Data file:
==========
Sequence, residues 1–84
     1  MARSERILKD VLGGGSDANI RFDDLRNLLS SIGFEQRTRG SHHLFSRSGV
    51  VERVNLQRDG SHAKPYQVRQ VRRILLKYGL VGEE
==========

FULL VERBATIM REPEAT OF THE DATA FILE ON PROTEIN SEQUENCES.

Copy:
Sequence, residues 1–84
     1  MARSERILKD VLGGGSDANI RFDDLRNLLS SIGFEQRTRG SHHLFSRSGV
    51  VERVNLQRDG SHAKPYQVRQ VRRILLKYGL VGEE